You may be thinking at this point that the story of “Starting Over” doesn’t exactly fall to far off the “rom coms” of today, and in some ways you are right. A romantic film that plays out with some difficultly but one where you know that the two leads will get together in the end is the book definition of a “rom com,” but using that definition alone, “Annie Hall” and “Modern Romance” would also be considered “rom coms,” except that they create interesting, intelligent characters who progress through the narrative with smartly written dialog and situations that reach a level of uncomfortable that recent entries into this genre do not have the courage to do as to not upset their callow audiences. One would only have to look at the Thanksgiving scene in “Starting Over” when Phil invites Mickey, Marva, and Marilyn over to his apartment for dinner and callously crushes our Marilyn, who finally is feeling like she’s part of Phil’s life, when his ex-wife Jessica calls up, and Phil describes his new love to Jessica as “some friend of his brother’s.” It’s a genuinely soul crushing moment that seems to come out of nowhere, but it does somehow fits Phil’s hidden resolve to get back with Jessica, though he shouldn’t even consider it.

If there is a negative critique of “Starting Over,” it is that it does move too quickly towards an ending that doesn’t seem to fit Phil’s character. It almost resembles Albert Brooks’ desperate wedding proposal to Kathryn Harrold in “Modern Romance,” except that act furthers Brooks’ insipid obsession with the woman that he cannot stop breaking up with during the film. Phil Potter’s proposal to Marilyn in the end shows the weakness in James L. Brooks writing at the time as it seems more like something that would happen at the end of a 30 minute sitcom and not a film that is taking a hard look at the modern divorced man. James L. Brooks would tighten in endings during the 1980s with “Terms Of Endearment” and “Broadcast News.” Two excellent films that occasionally slip a bit too far into melodrama, but still come out with their edge intact.

Though “Starting Over” is not in the same league as some of the more honest films about men and women in the late 1970s, it is still packed with more than enough humor and excellent performances to lay waste against anything in the desolate land of the modern “rom com.”

From 1979, Bernardo Bertolucci Gives Us The Faux-Operatic “Luna”

America Luna Poster

1979 Poster for Bertolucci’s “Luna”

Given the recent success of Bernardo Bertolucci’s latest film, “Me and You,” the story of a bourgeois boy who spends a few days locked away with his gorgeous junkie half-sister while hiding from his overbearing mother in the basement of this condominium, it immediately brought to mind Bernardo’s controversial 1979 film of incest, “Luna.” “Luna” was ripped apart by the critics in 1979 and was even sermonized during a Sunday service at my local church, which, of course, made me want to leave immediately and see the film myself.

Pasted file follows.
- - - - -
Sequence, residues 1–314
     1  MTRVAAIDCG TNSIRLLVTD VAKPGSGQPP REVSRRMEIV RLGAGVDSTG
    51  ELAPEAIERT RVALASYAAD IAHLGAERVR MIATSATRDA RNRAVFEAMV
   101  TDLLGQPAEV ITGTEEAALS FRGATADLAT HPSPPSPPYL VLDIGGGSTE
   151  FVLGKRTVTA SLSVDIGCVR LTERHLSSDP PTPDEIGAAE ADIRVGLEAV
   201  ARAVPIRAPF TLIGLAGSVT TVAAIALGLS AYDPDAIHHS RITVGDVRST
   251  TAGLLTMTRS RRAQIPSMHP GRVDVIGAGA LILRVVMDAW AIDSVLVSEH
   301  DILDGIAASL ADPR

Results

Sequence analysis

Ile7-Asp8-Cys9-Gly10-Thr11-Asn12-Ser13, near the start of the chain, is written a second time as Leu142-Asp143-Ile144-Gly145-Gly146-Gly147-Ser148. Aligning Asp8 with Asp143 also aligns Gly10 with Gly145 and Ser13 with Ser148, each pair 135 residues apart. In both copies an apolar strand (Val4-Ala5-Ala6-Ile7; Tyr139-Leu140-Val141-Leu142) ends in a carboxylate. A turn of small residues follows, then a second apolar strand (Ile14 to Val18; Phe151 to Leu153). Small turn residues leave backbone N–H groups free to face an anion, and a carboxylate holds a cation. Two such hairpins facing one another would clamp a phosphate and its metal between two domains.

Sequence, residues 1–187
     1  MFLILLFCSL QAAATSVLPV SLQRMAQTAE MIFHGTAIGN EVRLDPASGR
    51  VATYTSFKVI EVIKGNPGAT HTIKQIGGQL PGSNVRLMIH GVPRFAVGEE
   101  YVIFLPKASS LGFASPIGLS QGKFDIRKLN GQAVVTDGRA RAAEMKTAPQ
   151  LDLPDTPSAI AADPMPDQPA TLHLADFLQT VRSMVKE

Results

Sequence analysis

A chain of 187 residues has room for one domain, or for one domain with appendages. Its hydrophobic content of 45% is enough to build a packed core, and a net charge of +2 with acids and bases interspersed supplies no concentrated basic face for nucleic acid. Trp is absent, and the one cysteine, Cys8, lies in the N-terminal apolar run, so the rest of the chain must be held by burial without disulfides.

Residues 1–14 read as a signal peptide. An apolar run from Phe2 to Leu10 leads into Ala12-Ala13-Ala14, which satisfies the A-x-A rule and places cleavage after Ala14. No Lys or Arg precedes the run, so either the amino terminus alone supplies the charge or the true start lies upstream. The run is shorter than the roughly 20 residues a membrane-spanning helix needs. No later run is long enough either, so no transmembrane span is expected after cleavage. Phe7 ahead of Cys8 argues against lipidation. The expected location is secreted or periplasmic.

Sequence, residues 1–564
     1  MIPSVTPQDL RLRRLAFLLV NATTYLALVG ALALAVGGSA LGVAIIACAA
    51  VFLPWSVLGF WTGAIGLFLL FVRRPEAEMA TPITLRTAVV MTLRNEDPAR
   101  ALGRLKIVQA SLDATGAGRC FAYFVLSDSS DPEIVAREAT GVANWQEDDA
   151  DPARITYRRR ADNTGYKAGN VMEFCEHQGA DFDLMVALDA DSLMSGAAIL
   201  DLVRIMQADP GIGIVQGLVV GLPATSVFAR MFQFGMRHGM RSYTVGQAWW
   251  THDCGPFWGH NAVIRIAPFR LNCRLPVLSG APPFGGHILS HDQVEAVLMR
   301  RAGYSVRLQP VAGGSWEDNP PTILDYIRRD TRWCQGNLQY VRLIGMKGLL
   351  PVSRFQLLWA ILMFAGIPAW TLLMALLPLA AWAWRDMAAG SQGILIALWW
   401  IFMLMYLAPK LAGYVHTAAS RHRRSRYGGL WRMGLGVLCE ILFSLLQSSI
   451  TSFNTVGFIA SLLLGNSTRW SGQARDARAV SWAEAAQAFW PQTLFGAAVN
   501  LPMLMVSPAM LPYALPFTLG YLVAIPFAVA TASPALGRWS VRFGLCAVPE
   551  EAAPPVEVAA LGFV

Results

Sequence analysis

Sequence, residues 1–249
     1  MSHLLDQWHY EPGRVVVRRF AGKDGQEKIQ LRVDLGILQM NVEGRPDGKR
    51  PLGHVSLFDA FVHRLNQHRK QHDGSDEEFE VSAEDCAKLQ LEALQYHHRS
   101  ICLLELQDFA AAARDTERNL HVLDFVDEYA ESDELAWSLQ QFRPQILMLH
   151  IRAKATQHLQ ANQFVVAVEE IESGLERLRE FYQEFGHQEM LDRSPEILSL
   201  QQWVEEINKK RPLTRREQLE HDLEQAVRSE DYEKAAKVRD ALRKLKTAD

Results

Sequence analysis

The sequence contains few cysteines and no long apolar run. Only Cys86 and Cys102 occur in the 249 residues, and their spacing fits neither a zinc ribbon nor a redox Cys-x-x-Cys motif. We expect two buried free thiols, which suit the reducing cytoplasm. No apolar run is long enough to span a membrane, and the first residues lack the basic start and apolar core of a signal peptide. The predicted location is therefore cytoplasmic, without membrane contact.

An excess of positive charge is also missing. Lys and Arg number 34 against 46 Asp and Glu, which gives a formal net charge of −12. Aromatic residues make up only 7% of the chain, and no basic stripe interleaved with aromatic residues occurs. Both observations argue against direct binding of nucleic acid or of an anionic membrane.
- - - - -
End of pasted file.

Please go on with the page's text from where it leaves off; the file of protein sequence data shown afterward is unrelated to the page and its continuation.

I originally didn’t see “Luna” in the most ideal way, with my elderly Italian-Catholic father in a downtown Philadelphia theater. Pa also had it in a bit for Bernardo as my dad was a proud fascist who hated Alberto Moravia, who had written the book that Bertolucci’s “The Conformist” was based on and thus despised the film. Regardless, as Dad was sweet about most things and would on my request see just about anything except for science fiction, we went to see the film at the old Ritz Theater. Let’s just say that when Luna was over, pa was not pleased. Translating from Italian, he called the film “sensationalistic garbage.” With all respect to my father, I didn’t agree with him then, but I’m not sure that it needed to be seen again.

Watching “Luna” again recently, I was immediately struck by the beautiful photography of Vittorio Storaro, who that same year had lensed Coppola’s “Apocalypse Now.” Storaro had been working with Bertolucci since they collaborated on the aforementioned “Conformist” and for his time,was the finest cinematographer on earth. Much can also be said for Jill Clayburgh, the star of “Luna,” an exceptional actress throughout the 1970s, who a year earlier had shined in the equally controversial Paul Mazursky film, “An Unmarried Woman.” Clayburgh, it has been rumored, relished the opportunity to work with Bertolucci and truly does the most she can with what was given to her and turns in a fine performance. As for Bertolucci; he was on quite the roll, from his first film in 1962, The Grim Reaper, through the 60s and 1970s, and although he had stumbled a bit in his 1976 film, “1900,” he had won every conceivable accolade possible for “Last Tango In Paris,” “Love and Anger,” and “Partners.”